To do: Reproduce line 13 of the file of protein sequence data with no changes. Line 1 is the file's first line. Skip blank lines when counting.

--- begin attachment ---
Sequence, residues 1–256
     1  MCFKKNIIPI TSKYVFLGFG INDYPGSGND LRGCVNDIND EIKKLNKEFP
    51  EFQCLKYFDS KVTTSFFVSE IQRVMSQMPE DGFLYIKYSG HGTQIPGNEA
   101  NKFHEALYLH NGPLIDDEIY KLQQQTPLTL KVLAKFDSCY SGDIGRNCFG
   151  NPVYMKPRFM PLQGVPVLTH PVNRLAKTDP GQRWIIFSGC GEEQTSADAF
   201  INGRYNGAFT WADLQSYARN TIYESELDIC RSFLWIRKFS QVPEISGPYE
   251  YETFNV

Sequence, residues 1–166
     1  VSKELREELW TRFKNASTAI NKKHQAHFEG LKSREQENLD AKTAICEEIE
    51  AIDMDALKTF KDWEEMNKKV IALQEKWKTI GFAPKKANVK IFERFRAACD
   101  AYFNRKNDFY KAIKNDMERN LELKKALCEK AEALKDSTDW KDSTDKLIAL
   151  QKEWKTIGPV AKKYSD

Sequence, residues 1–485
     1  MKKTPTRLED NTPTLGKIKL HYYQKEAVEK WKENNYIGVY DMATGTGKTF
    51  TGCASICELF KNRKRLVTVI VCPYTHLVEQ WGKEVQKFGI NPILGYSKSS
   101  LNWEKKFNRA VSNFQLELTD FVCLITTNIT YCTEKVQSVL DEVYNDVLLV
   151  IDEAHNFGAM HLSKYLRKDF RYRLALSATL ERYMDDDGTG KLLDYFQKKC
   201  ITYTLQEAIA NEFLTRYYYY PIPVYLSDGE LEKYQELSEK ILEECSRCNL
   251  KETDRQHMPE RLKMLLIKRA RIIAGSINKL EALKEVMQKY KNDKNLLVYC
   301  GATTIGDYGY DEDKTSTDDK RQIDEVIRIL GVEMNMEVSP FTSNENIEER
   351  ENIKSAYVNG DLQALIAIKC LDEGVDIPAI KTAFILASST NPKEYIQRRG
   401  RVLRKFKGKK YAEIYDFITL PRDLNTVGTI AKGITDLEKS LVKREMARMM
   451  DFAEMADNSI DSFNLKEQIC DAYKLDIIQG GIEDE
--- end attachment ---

Sequence, residues 1–485